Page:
Am I angry because my ancestors were executed by shooting, no. This happened, I cannot change anything. Is it understandable to send innocent people ( enough to think of babies and children) to death, absolutely not.
    I dont know if you read Turkish history, it mainly says that Kemal Ataturk was the best person ever, the group he was in was called Ittihat and Terakki which decided deportation. This group is still a huge illness in Turkey causing unbelievable troubles (this is itself a very big subject to discuss)
    It is highly possible to be manipulated by media if you do not stop and think and make a little but a serious search. So I am very picky about what I read , hear and so on.
    There is a deep debate among all writers in Turkey, some claim that it was a genocide  we have to face, some believe it is a lie  made by Armenia so that they can control us politically in the world.
    But I am just a person who really wants to learn the reality.
    1) If they really want to find murderers, why do they not talk about all victims. Not only Armenian people but also many other Kurdish, Arabic, Turkish people died. Is it not something weird?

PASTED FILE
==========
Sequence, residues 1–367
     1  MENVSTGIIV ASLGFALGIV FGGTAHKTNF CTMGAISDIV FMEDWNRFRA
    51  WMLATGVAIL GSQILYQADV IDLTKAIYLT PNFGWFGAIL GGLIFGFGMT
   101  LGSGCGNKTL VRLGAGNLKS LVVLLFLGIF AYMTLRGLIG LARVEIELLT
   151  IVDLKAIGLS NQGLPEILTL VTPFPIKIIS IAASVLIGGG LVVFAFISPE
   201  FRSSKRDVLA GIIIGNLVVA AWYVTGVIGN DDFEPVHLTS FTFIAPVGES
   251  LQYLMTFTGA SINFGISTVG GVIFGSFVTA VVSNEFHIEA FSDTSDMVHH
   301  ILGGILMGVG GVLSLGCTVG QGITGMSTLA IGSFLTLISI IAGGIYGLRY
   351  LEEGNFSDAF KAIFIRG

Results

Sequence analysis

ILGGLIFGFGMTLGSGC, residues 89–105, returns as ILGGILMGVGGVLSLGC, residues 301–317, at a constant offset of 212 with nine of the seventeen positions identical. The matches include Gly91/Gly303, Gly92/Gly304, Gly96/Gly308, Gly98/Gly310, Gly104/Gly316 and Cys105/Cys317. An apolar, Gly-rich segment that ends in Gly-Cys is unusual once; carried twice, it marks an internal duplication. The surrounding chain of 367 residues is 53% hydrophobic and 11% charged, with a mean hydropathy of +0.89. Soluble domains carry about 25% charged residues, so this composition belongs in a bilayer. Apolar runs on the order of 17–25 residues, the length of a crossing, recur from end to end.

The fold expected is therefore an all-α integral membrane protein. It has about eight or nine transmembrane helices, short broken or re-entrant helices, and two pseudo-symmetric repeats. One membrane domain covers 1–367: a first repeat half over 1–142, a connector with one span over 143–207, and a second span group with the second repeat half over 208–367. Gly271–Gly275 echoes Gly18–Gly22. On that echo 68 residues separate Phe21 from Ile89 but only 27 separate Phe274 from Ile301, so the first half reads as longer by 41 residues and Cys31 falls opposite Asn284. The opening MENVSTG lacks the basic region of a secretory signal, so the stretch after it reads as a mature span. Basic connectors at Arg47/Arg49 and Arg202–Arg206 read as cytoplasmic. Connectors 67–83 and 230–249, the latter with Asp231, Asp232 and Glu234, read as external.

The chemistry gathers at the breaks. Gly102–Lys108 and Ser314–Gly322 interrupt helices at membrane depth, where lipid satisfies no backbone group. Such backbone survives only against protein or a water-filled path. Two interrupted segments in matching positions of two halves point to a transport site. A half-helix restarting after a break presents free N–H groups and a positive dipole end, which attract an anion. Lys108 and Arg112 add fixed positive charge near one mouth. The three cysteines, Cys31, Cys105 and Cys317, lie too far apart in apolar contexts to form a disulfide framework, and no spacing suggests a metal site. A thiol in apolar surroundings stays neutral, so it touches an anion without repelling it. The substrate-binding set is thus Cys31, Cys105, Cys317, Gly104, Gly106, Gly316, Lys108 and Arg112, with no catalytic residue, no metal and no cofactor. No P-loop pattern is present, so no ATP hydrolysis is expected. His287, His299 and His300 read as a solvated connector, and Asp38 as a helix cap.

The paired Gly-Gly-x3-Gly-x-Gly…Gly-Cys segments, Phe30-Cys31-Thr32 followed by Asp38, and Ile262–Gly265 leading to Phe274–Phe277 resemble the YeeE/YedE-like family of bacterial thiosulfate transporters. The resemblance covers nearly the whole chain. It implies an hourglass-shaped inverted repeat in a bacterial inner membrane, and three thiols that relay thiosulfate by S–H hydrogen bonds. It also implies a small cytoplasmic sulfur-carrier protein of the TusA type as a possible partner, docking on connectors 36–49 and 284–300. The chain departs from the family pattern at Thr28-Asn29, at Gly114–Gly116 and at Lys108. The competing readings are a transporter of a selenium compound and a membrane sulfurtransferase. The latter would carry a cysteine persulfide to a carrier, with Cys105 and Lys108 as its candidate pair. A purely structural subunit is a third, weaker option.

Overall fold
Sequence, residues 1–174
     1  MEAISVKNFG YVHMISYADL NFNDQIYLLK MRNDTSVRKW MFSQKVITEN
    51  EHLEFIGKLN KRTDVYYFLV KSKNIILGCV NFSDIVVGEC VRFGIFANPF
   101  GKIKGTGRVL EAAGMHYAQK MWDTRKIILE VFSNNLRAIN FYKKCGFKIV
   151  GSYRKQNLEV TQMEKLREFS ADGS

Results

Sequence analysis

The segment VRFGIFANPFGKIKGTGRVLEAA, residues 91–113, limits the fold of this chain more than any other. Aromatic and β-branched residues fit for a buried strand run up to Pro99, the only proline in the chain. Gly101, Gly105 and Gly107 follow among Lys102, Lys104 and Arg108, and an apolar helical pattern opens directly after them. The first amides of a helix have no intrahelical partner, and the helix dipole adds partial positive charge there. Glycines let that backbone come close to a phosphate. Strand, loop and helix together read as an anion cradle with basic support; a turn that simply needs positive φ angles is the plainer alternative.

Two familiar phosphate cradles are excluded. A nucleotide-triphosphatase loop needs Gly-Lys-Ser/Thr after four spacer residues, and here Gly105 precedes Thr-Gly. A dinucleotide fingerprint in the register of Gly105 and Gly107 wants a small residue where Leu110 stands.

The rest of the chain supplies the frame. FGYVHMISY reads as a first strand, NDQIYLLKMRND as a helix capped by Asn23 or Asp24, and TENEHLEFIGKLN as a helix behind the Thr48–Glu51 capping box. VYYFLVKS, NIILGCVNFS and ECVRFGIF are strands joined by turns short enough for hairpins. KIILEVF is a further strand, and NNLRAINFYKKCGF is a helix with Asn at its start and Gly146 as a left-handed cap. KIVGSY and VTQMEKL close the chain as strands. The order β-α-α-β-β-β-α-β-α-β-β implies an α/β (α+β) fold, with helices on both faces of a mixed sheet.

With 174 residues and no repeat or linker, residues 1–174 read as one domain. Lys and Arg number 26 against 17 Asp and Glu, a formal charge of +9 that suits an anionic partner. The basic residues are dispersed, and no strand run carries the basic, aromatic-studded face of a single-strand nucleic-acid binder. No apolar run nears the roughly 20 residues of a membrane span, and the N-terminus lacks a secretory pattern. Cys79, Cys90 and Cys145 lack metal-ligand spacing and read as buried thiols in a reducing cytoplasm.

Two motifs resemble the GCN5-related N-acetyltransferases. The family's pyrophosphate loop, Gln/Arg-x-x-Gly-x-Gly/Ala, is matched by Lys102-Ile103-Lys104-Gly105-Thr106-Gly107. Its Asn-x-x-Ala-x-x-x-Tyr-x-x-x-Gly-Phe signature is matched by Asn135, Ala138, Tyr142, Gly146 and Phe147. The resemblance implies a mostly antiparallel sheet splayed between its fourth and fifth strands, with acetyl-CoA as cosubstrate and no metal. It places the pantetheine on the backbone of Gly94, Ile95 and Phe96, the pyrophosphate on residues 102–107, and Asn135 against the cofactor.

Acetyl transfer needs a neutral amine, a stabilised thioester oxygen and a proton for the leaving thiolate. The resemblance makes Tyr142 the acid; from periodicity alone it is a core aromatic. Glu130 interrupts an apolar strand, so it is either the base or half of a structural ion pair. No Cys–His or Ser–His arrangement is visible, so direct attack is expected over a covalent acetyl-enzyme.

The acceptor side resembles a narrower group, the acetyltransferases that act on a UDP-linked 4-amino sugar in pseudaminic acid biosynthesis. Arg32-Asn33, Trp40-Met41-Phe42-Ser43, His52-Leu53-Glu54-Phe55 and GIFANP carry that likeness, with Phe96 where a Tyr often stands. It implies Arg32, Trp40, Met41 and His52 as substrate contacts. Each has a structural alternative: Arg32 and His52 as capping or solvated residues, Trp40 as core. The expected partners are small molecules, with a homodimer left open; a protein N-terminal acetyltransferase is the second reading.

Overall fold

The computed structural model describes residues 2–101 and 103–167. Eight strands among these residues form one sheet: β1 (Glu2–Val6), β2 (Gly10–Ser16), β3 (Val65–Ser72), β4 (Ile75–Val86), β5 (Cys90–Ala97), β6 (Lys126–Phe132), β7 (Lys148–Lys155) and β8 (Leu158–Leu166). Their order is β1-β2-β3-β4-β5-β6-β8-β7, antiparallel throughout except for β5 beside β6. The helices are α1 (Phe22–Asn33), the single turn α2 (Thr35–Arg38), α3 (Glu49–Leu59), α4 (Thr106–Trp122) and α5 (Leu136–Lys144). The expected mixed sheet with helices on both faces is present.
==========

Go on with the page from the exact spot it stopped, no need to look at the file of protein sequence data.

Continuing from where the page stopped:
2) The decisions made in parliaments  serve for what? Can we really rewrite the history in parliaments? No matter what happens, people will have to deal with the results , not politicians.
    3) Does the world know anything about our culture, religion, hospitality?
    4) Why do the government of Turkey ( mainly Muslim people against to Ittihat and Terakki ( or CHP))  still try to hide the reality?

  2. In this article, the author said,  (emphasis added by me), “Erdogan’s threat is, of course, empty. It would be a huge scandal to deport Armenians from Turkey, and would constitute a chilling reminder of what is referred to by the Turkish state as the “deportations” of Armenians almost a century ago.”
    Oh, boy. Where to start?  Since when is Turkey concerned about “scandal” or what, for example, Europe thinks about Turks?  Turkey has shown that it can get away with virtually anything.  It gets away today with all sorts of human rights violations, offenses against Kurds and Christians, the occupation of Cyprus, and the blockade of Armenia.